Mr. VAUGHN: I think it's a matter of the combination of all of them. I mean, I know that's the easy out for the answer but you know, they talk to each other face to face about these things. I work here, you know, on the edge of a college campus and you see Obama t-shirts all over the place. You see stickers - bumper stickers, lawn signs, all the old form stuff. But you know, people are texting each other, they're watching the infomercial. I mean, it is every form of media that people are getting involved in, and young people especially are getting involved in. I want to say, the other thing, you know, along that line is - this is all about Obama, and that's not to say all the young people are going to vote for him necessarily but he's the one that's brought this change to the process that's energized people. You know four years ago with, you know, President Bush and John Kerry, we didn't see all this energy in the youth. It's about Obama and what he brings to the table, and especially with the urban youth, that's why they are really excited about it.
CHIDEYA: Corey, does that make it hard to cover the campaign fairly because for example, you can say, well I want to cover equal sides of A and B. But if B is not much of a factor, if for example, there are not as many youth oriented organizations that are McCain affiliated organizations, how does that complicate the job of the journalist?
Mr. DADE: Well, I think journalists are, you know, predisposed to looking for balance. And I know, and I've just had this conversation with a Republican yesterday that the media is biased toward more favorable coverage for Obama, and my response to him is that, Obama has run for all intents and purposes a very media centric campaign which means that for a long time during the primaries, when he was ready to announce any big policy decisions, when he was holding events, a lot of them were calibrated and scheduled and arranged in big markets where he could get TV coverage.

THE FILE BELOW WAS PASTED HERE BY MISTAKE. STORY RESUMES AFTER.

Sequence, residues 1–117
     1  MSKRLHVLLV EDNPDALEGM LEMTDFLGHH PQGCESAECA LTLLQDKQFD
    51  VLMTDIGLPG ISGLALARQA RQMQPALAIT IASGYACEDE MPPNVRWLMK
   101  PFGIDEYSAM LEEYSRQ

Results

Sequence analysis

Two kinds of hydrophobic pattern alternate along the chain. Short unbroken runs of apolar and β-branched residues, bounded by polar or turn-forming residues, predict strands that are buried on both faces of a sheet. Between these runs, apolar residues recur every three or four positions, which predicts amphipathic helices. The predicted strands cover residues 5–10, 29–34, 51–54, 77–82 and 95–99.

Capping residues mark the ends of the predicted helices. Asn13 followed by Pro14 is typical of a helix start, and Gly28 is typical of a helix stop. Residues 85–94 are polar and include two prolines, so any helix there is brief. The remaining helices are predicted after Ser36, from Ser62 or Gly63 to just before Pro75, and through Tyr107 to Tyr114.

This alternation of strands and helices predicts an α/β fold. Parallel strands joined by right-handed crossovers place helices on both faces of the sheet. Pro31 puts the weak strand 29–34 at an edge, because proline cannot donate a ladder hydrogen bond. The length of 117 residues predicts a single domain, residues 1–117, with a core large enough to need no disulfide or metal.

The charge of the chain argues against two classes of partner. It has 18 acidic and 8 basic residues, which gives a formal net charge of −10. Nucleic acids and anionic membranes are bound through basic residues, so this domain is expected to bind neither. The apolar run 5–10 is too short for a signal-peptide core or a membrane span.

At certain times of the day when he wouldn't have to compete with other news broadcasts, and so as a result, he learned how to manipulate the media better. I think going forward though, through the campaign, the challenge for journalists and news organizations is to, you know, counter with something else, and so in this case, you don't look to cover McCain's impact with young people per se. You look to cover McCain's impact wherever he's having the greatest impact.
CHIDEYA: Mm hmm. Right.
Mr. DADE: So in many instance, it's rural America. In many cases, it's more conservative communities, older citizens and that's where you balance it out.
CHIDEYA: Jerome, quickly, what do you think folks in our business should be doing in the final couple of day of this campaign?
Mr. VAUGHN: Well, I think they should be getting some sleep this weekend if they can manage it. After that, I think, you know, really - I think a lot of us are going to be looking for - is there something that is unusual, that's out of the ordinary. I mean, both McCain and Obama, they're going to be giving their stump speech, they're going to be out there, talking to as many people as they can. You know, is there going to be a new last minute message, is there going to be a new last minute development? I think that's really what we're going to be looking for in the next couple of days.
CHIDEYA: All right. Gentlemen, we will be all in this together. Thank you.
Mr. DADE: Thank you.
Mr. VAUGHN: My pleasure.
CHIDEYA: Speaking to Jerome Vaughn, news program director for WDET in Detroit, Michigan. He joined us from their studios. Plus, Corey Dade, the Atlanta correspondent for The Wall Street Journal.